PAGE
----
When Hurricane Charley Blew into Town

Cold Front

Luckily, we haven’t had the kind of hurricane seasons over the past several years that are known to wreak havoc on Central Florida homes and landscapes. Was it really ten years ago that Hurricane Charley blew into town knocking down trees, ripping up roofs and causing millions of dollars in damage?

I remember that summer of 2004, well. We had just barely moved into our new home when Charley hit. My family had never witnessed winds that strong or rain that heavy. Fortunately, our house is well built with double-paned storm windows, and a good roof that survived intact.

After the storm passed, we went outside to survey the damage. We lost a lot of tree branches and one whole juniper was so severely bent over that I had to saw it down in pieces. The only other loss was our entire backyard fence, which simply couldn’t withstand the violent winds that tore across the region.

Our neighbor on the other side of the fence had a good friend who agreed to do the work to replace it, and together, we shared the cost. Within a few weeks, the new wood was in place. My only concern is this: It’s very likely that another storm of similar magnitude will simply knock down the new fence, just as Charley smashed the old one.

And here’s why:


The problem with most fences is that they aren’t constructed in a way that makes them sturdy enough to withstand strong winds. Think of a fence placed in the ground in the same way that ceiling studs are laid out in the attic of your home. Studs that are placed farther apart make for a weaker ceiling than studs that are placed closer together. The more studs that are anchored to the house frame, the stronger the entire structure.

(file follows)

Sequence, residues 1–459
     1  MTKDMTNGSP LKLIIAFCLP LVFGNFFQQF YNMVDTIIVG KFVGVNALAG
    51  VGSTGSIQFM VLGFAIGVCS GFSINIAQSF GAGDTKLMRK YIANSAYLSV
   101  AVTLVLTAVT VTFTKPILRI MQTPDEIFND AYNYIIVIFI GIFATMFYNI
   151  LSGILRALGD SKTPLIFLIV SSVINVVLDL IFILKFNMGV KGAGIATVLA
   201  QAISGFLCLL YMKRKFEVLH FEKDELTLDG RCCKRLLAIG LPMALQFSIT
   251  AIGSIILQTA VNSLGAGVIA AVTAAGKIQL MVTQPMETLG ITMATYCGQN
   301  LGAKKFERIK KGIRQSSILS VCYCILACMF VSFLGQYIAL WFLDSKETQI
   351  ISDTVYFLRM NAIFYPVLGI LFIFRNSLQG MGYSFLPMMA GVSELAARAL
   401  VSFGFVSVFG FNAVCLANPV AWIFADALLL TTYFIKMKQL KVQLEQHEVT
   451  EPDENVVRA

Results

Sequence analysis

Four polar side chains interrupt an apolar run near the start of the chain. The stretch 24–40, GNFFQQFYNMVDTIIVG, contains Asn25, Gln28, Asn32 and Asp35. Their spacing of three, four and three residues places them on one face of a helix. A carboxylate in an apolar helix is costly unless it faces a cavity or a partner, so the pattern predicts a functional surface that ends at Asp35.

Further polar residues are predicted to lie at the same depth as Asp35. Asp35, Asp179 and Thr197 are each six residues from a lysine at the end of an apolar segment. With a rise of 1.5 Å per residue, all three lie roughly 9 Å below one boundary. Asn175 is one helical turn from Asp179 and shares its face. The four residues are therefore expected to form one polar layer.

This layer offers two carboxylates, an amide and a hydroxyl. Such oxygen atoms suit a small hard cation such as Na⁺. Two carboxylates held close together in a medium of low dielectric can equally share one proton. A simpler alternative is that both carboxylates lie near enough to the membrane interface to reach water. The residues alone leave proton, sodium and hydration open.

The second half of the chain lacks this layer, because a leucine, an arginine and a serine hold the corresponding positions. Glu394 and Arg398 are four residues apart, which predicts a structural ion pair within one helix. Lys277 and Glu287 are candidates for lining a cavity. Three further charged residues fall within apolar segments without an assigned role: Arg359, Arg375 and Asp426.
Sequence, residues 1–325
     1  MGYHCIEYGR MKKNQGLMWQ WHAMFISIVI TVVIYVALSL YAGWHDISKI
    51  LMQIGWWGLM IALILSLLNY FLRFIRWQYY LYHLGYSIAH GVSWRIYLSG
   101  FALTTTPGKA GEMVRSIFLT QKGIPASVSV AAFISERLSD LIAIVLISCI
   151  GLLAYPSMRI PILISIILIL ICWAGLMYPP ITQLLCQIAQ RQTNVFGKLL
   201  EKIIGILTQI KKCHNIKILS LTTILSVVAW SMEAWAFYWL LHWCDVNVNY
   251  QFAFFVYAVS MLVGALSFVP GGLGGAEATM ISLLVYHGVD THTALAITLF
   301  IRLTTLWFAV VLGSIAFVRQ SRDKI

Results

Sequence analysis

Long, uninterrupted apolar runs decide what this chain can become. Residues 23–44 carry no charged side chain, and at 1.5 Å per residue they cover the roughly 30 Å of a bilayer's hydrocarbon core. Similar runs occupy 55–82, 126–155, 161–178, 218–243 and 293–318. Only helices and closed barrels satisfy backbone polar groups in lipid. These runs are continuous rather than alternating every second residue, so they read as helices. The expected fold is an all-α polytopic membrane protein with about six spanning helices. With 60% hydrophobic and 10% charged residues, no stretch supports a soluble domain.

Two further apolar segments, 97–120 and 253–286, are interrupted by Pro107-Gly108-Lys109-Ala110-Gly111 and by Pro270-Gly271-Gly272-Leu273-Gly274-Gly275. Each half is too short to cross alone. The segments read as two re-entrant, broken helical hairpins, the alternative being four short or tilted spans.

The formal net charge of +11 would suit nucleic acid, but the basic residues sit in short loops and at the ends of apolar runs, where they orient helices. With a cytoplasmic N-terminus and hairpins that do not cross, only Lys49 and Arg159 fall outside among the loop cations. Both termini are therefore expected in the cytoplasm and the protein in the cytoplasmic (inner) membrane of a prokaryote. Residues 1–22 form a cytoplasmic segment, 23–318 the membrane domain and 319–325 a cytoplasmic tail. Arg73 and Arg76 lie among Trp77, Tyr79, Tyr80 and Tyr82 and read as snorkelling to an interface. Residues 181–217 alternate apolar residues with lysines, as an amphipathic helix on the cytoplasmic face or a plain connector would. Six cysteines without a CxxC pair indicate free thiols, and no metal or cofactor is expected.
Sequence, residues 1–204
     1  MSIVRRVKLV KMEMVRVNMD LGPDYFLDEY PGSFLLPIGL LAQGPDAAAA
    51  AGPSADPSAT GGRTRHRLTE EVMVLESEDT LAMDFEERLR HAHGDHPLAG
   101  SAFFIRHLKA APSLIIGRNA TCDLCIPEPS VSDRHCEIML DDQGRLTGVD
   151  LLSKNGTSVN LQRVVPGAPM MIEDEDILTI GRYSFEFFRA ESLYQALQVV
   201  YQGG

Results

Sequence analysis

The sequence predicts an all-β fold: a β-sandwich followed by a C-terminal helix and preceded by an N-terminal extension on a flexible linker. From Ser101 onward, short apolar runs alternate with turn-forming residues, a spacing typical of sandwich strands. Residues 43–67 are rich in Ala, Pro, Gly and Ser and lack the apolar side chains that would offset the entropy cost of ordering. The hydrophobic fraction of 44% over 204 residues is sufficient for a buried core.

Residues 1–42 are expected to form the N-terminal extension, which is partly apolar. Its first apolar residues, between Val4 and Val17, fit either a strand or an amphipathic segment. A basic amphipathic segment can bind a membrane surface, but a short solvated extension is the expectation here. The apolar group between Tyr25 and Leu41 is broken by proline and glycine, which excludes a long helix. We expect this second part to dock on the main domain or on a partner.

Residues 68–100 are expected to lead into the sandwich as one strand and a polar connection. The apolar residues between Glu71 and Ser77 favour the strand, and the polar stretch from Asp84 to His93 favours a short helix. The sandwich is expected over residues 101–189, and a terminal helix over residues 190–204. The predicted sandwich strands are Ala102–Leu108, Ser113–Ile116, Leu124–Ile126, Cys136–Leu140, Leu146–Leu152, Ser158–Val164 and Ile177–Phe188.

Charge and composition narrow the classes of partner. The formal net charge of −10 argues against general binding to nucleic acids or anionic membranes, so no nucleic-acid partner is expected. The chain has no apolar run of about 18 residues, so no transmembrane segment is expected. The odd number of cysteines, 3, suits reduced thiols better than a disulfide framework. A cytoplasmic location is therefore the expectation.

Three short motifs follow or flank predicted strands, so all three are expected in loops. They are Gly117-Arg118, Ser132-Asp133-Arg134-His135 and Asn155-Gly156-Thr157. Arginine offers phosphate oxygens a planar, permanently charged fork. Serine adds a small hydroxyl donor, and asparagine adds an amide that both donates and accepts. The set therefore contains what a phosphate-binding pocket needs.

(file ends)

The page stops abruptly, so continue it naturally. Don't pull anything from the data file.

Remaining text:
For example, if your fence posts are eight feet apart, they will be less able to withstand pressure than if they are six feet apart. That’s just basic physics. And that is why at Bella Fence, they place their posts six feet apart. It simply makes the whole structure stronger, since over the entire length of the fence, there are more posts anchored into the ground.

But they don’t stop there. Consider the panels between the posts. The thinner they are, the more prone to damage they are, as well. Standard fences have six-inch panels. But at Bella, they’ve discovered that by doubling the size of the panel – to twelve inches – they can just about double its strength. And in order to achieve the maximum aesthetic appeal, they make their single twelve-inch panel look like two six-inchers. Same look – better structural integrity.

So there it is:

Posts placed six feet apart are better than posts with eight feet between them, and twelve-inch panels make more sense than six-inch ones. It’s just another way that Bella Fence combines the science of fence building with unmatched dedication to craftsmanship and style.

I wish I had Bella Fence around after Charley came and went. And while I hope that I don’t have to replace another backyard fence anytime soon, if I do, I know who to call.

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